My heart would not settle. Was it because of my complaint about our coach last year?? We had a terrible coach who didn’t like competition (and that is hard when you are up against 8 other teams wanting to win). We had a crazy talented bunch of players on our team last year — so much so that when they used their collective strengths, they were virtually unstoppable. All this without the benefit of a coach. When the coach did show up for practice, he just let the boys do as they pleased. There were no drills and no structure. Conversely, when the coach didn’t show up for practice, the team’s’ mindset was about the game because they would spend the time practicing with another team.  Further, the coach didn’t talk to the kids before or after a game. What many other mothers and myself did notice is that this coach sure liked to scream at the players across the ice. He told our kids they would never make the NHL — so why bother trying?? At the end of the season, both assistant coaches and the team manager said they’d never work behind the bench again.

As hard as the situation was for the kids and parents, it was worse for the coaches because they couldn’t stop coaching mid-season.In an attempt to get the coaches to understand what was happening on the ice, I wrote an email. I sent the message about halfway through the season — after the NHL comments were made. My concern was for the young players so I waited 3 days in order to be rational when I penned the words. For clarity, I also had three other hockey parents read my message to make sure it was acceptable. I did not want to sound like parents were attacking him personally.

Nevertheless, the coach was upset that I had an issue with his coaching habits. After the season ended, the association sent out a questionnaire to parents asking how we thought our season went. I was honest about the coach but then focussed on the positive. For example, I said how great our manager and assistant coaches were, and how attentive the players were to the game. Throughout, I was very careful to make sure that my comments did not sound like an attack on the coach as a person, but rather that he just wasn’t a hockey coach. He wasn’t the type of coach that 11 and 12 year olds needed to become better hockey players.

The thought haunted me. Maybe, it was all my fault for being honest that my son was cut from tryouts so early. In 5 years of hockey (plus 4 years of baseball, 2 years of soccer and 4 years of ball hockey) I had NEVER complained about a coach. I had never sent in a bad review about a coach. Last year was the exception. And now, maybe, my letter determined my son’s future in the league.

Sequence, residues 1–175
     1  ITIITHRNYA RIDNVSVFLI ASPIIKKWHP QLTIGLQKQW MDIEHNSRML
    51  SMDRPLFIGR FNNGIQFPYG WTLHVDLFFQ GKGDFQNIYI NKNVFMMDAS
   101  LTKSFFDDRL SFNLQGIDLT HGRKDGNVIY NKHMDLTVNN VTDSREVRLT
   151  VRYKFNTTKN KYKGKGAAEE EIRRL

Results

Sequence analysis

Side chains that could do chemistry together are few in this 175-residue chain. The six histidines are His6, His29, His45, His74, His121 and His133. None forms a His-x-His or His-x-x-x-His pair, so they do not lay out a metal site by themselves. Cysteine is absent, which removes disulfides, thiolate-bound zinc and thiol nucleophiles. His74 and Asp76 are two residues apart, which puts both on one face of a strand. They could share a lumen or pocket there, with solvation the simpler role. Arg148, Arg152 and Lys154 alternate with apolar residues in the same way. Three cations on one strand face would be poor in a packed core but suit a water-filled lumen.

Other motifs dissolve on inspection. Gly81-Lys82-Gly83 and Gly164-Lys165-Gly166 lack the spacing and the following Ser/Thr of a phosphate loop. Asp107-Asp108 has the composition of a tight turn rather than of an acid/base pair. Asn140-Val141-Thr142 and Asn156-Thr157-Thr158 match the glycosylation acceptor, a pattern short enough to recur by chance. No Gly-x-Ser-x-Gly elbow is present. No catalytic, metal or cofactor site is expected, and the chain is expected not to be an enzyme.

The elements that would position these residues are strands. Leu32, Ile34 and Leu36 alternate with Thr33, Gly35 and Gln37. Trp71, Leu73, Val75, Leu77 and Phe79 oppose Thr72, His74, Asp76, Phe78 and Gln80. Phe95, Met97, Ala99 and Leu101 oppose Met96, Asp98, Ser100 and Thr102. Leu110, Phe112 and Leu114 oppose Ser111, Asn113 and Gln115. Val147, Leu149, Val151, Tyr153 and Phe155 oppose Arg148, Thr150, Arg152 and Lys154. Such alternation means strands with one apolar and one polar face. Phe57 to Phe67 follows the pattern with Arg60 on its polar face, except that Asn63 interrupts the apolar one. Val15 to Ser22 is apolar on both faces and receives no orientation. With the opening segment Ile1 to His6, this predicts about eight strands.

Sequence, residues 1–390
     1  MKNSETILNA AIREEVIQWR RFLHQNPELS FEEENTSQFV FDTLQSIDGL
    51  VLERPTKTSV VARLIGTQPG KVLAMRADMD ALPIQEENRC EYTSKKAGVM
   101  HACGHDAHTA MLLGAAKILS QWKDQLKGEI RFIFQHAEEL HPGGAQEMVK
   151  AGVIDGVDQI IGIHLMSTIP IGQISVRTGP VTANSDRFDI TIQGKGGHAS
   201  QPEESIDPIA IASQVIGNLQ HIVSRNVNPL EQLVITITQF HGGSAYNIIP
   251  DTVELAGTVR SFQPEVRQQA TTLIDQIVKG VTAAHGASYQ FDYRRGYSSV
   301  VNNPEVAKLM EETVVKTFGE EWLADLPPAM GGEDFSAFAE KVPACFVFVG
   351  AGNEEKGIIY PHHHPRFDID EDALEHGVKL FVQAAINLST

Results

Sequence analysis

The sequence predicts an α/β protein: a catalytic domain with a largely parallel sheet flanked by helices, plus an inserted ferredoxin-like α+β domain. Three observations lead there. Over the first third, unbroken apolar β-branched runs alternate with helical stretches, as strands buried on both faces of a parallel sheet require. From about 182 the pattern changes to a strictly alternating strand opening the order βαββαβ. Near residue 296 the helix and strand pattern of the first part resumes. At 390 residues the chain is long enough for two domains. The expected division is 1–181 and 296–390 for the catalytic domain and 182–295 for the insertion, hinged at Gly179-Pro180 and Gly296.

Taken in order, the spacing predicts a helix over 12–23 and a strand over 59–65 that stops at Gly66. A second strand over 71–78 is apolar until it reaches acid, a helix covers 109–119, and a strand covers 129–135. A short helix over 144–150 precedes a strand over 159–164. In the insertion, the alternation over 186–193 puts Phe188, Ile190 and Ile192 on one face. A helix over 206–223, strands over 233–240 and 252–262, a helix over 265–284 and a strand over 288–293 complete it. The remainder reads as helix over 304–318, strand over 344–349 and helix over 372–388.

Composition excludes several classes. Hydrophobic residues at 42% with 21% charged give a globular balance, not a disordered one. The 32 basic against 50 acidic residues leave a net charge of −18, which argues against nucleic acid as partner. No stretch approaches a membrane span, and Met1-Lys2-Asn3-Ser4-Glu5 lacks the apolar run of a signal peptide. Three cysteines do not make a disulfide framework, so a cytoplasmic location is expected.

This morning, I prayed for the Lord’s guidance because feeling like a failure as a mom is not an option. I cried. I apologized to my son for being so very wrong in my initial assessment. For assuring him and giving him added confidence that he would not be cut.

In prayer, I asked God for peace of mind. I asked that my heart be calm and settled. I asked for wisdom and knowledge that only the Lord can give. Inside, I knew that my questions about the cut would never be answered (and I readily accept that) so instead, I asked the Lord to make me  a stronger person. To help me as a mother discern circumstances so that my son NEVER again is led to believe that it might be him that is incapable. I asked for His strength and understanding for this particular situation and in further conversations with my son. All this, because regardless of the tryouts, I trust God to situate my son wherever he needs to be.

And finally, I also prayed that the circumstances of this season teaches both of us to trust our Lord God and Saviour for where we are and why we are where we are. Whether we like it or not, everything happens for a reason so from this point forward, we have decided to let God rule … because He sees our whole life picture from beginning to end — a picture that I only see a small part of — and in that realm, He has never failed us yet.